A lot of talk about heartbleed lately with OpenSSL. Plenty of blogs talk about it, but I wanted to see what can actually be scraped.
This morning I talked a friend of mine I grew up and went to University of Kentucky with that graduated from DePaul with a masters in network security, Austin Diener (@diener) I figured he would be the best place to start for this fact finding mission. He led me to this script located on github OpenSSL heartbeat PoC with STARTTLS support.
It's a pretty simple script, point it at your ESXi server with port 443 and watch the magic happen.
NOTE: this server is on my LOCAL LAN in a test environment. I don't care if you try to reverse engineer this garbage. (proceed to the bottom for more information)
It's been really long overdue. How overdue you ask? Well, kendrickcoleman.com was originally built on Joomla 1.5. Joomla 1.6 was released in January of 2011 and the effort to upgrade would have been just as tough as this move to Joomla 3.2. Joomla 1.5 went completely EOL in April of 2013 so no new patches or security releases were going to come out.
So why make the jump? Joomla 3 has really good responsive templates based on Twitter Bootstrap so it works well on any device. In addition, Joomla 1.5 had some major security flaws but I was lucky enough to never get attacked. It was also a good time to give the website a fresh new look that conforms to some modern design.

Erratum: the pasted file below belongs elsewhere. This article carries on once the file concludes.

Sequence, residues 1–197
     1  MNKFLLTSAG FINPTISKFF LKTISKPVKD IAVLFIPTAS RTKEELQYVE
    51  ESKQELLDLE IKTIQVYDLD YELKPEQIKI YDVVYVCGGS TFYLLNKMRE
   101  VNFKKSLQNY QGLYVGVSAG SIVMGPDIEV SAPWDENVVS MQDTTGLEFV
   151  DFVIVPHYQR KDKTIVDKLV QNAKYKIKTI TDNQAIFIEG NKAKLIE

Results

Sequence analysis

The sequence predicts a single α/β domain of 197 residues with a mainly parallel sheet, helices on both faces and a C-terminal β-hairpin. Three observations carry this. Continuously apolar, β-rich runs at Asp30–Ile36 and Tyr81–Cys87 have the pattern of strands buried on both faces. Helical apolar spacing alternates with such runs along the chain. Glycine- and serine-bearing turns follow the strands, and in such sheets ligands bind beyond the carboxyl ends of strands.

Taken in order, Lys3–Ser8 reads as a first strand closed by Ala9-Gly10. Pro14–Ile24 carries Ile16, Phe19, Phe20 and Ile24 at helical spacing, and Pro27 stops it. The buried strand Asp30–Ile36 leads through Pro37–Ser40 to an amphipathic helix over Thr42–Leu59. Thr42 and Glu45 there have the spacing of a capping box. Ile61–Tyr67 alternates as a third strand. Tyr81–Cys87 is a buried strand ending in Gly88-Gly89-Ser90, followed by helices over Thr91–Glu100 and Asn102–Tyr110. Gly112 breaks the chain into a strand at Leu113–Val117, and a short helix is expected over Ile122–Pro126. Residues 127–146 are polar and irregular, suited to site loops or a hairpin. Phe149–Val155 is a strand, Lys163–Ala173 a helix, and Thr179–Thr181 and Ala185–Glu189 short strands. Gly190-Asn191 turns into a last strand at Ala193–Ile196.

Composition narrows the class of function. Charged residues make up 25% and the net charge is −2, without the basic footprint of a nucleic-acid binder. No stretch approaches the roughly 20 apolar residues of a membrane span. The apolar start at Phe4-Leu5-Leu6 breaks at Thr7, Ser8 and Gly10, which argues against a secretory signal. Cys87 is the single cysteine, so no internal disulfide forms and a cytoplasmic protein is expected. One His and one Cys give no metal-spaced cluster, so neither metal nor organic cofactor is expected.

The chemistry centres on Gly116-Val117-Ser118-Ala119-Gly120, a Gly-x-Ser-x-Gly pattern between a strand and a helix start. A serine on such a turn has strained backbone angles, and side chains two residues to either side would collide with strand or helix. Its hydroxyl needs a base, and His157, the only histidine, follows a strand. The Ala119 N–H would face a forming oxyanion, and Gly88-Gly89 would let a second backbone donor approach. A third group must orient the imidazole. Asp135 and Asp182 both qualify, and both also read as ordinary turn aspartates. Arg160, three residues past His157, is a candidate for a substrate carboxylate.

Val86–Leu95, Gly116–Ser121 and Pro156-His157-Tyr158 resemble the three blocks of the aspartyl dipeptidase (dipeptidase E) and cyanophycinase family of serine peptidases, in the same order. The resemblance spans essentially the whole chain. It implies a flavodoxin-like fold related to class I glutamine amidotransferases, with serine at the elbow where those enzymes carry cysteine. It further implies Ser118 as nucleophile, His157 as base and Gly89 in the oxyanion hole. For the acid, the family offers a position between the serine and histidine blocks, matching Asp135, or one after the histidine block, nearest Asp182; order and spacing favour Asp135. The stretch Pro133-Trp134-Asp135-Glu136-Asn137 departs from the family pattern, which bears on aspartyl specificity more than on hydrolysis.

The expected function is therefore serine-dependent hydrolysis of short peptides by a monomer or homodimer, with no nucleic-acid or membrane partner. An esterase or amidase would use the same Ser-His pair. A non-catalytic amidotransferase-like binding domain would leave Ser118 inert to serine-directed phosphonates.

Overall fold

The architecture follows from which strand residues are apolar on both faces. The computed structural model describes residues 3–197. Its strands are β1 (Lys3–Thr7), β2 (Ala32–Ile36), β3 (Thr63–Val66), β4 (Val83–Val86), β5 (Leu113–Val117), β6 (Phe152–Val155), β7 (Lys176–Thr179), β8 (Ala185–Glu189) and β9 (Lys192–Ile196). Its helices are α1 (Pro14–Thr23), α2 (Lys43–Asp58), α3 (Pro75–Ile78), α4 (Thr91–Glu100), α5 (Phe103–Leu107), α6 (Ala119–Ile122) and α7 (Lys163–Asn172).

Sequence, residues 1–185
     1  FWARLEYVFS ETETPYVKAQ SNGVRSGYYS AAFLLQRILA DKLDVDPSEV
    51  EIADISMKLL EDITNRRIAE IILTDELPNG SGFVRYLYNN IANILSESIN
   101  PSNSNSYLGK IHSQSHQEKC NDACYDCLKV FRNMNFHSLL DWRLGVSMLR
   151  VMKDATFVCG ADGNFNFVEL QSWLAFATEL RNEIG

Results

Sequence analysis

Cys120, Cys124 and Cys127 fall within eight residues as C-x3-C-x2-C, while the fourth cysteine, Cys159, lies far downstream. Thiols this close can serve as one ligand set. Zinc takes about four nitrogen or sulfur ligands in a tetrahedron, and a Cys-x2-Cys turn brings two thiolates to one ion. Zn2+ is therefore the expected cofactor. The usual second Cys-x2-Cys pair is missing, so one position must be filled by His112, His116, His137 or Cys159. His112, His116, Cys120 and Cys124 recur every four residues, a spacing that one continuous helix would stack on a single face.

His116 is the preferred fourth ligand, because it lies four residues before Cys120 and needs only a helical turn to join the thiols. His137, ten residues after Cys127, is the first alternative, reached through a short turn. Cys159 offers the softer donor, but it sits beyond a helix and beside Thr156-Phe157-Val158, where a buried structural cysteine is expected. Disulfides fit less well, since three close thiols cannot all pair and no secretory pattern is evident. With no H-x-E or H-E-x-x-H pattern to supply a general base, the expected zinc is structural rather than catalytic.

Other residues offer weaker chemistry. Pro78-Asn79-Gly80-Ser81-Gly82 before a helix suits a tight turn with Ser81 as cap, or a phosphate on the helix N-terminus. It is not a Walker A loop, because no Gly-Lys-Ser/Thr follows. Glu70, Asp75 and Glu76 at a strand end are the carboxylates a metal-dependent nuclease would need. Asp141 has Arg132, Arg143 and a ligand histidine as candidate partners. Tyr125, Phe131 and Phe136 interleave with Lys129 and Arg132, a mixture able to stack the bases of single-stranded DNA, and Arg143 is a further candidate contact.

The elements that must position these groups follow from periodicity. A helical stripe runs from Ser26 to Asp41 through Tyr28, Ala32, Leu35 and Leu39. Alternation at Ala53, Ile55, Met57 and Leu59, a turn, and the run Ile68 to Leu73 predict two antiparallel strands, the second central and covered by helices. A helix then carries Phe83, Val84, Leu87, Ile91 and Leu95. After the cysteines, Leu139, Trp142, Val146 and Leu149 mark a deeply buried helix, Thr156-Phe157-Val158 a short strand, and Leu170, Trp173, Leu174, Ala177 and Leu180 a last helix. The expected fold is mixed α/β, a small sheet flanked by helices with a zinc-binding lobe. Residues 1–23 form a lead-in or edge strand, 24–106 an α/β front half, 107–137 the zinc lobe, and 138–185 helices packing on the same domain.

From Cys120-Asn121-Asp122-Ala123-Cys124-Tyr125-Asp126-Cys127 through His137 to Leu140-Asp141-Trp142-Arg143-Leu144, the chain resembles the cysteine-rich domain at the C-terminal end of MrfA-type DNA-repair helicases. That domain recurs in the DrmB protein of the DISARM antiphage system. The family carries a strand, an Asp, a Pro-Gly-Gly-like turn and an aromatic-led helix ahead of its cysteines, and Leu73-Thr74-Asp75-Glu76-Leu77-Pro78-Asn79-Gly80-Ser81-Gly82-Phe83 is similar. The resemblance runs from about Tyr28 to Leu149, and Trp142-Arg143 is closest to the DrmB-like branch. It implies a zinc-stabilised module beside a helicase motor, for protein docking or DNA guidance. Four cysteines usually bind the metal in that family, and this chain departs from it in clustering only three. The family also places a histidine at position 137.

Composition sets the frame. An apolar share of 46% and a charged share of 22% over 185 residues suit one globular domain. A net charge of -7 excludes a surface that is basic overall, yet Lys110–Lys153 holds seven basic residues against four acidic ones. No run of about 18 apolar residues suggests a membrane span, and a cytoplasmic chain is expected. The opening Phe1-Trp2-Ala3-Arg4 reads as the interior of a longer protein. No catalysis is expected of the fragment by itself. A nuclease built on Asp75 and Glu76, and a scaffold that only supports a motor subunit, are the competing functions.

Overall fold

The toughest piece of this migration is that there is no "in-place" upgrade. I have tried to upgrade my site a few times over the past year but it came with sub-par results. All the free tools just never seemed to work good enough. So I finally opened up my wallet and paid for the MigrateMe plug-in. It wasn't cheap, but in the end it was worth every penny. It kept literally everything in tact. Articles, sections, banners, components, stats, etc all migrated over. There were a few anticipated hiccups but it went fairly well.
2 weeks ago, Brian Gracely (@bgracely) shared some information with me talking about the changing landscape of DevOps and it hit spot on. Brian showed a picture of a book titled The New Kingmakers, How Developers Conquered The World. I had never heard of it before so I wanted to explore, and to not spoil it completely, it did not disappoint. The book is pretty short at 57 total pages and has a whopping cost of only $3 on Amazon. There's no reason why anyone can't read this book because I was able to finish it on a 3 hour flight (and I'm a slow reader).
So what's new in version 1.3? Not a whole lot of functionality, but a heck of a lot of eye candy.